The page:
__Conceptual Blockbusting__”, Professor

__James L. Adams__shows there are different languages to describe and solve problems. Sometimes, when one tries to state or solve a problem, verbalizing (or even mathematizing) is not a good (not the only good) idea. He gives us a great example:

**A man and a woman standing side by side begin walking so that their right feet hit the ground at the same time. The woman takes 3 steps for each 2 steps of the man. How many steps does the man take before their left feet simultaneously reach the ground?**

I gave this problem to three gifted friends of mine and they all failed to solve it. I did not, as I solved the problem musically. I am very curious and the fact I solved it was not enough. I was interested how the problem would look like whatever number of steps the man and the woman take. What I found is following:

1. We have to decide who is faster, i.e. who takes more steps per unit of time. If no one is faster then it will take them only 1 step to simultaneously reach the ground with their left feet. If the woman is faster, we have to solve the problem as stated by James L. Adams. Let us follow the assumption that the number of steps the woman takes is always greater than the number of steps the man takes (as on average men are taller than women).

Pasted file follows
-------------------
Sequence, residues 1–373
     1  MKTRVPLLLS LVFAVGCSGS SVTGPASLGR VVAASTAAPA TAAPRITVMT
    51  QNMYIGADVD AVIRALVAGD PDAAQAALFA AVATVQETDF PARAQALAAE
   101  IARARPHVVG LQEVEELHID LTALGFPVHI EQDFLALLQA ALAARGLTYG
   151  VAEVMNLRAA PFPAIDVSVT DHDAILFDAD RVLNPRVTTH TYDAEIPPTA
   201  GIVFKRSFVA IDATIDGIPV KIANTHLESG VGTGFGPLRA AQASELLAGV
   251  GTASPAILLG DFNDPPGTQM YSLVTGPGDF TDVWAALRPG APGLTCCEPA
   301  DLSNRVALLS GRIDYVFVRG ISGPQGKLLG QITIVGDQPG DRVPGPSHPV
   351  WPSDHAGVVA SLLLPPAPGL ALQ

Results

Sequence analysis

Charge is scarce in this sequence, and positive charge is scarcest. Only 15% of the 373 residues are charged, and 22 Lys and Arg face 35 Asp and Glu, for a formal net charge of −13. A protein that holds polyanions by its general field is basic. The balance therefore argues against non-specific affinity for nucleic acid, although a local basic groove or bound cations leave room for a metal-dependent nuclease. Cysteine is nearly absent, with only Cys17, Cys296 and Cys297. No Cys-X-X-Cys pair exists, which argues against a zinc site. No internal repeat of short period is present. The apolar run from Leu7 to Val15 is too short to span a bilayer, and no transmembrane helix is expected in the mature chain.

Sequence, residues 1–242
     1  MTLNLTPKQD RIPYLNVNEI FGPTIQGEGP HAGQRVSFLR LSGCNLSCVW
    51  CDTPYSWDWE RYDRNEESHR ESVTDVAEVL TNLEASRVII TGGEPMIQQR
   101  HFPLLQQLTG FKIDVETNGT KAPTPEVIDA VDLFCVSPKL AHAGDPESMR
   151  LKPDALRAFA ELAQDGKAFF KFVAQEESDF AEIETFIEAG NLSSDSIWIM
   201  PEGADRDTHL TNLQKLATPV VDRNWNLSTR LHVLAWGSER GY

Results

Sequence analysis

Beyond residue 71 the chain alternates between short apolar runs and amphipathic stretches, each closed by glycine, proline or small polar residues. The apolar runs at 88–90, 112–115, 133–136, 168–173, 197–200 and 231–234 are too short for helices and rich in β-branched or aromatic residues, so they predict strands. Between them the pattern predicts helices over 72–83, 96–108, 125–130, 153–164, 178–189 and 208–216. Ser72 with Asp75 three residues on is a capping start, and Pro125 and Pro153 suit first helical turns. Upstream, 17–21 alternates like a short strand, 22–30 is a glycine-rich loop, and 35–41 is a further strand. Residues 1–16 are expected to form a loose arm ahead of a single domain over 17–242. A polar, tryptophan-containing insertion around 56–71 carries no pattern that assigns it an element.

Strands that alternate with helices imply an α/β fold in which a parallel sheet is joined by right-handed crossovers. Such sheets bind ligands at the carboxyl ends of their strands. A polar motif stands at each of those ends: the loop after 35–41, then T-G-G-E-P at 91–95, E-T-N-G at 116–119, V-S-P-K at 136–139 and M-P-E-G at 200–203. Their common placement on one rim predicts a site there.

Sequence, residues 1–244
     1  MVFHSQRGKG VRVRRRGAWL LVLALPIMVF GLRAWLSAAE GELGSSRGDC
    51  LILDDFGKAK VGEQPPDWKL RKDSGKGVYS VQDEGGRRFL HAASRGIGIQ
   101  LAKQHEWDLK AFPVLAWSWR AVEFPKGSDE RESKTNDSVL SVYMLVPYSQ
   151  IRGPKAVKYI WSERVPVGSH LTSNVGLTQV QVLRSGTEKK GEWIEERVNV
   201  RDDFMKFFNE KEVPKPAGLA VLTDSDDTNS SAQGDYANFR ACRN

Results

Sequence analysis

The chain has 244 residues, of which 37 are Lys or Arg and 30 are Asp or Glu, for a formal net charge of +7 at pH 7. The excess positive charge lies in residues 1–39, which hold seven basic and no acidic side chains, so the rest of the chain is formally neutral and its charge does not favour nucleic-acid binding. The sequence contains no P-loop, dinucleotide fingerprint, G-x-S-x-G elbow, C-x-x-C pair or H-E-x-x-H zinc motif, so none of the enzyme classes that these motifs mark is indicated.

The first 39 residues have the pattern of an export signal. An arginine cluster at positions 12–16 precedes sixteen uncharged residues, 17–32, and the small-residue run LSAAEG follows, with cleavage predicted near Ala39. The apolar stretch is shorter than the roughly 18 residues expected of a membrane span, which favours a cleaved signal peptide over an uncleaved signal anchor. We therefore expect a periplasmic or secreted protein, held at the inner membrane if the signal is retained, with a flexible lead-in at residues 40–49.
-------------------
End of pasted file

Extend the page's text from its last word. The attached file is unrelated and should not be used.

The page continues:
2. In a unit of time a woman takes

**y**steps and the man takes

**x**steps. Let us explore the various ratios

**x/y**. There are 2 types of problems then, each type depending on the ratio:

2.1. Never-problems, where the people will never reach the ground simultaneously with their left feet. Such is the problem stated by James L. Adams;

2.2. Sometimes-problems, where the people will simultaneously reach the ground (at a certain time/distance from the start). The relevant question here is

*when/where*.

3. My solution:

3.1. If a problem is a sometimes-problem, then

**x/y**is (or could be reduced to) a proper fraction where the numerator and the denominator are odd numbers. People will simultaneously reach the ground with their left feet on the

**y**-th step of the woman (if

**x/y**can be reduced) or on the

**xy**-th step of the woman (if

**x/y**cannot be reduced).

3.2. All other problems, such as 2/3 problem above (2 is not odd), are never-problems.

Can you prove me wrong?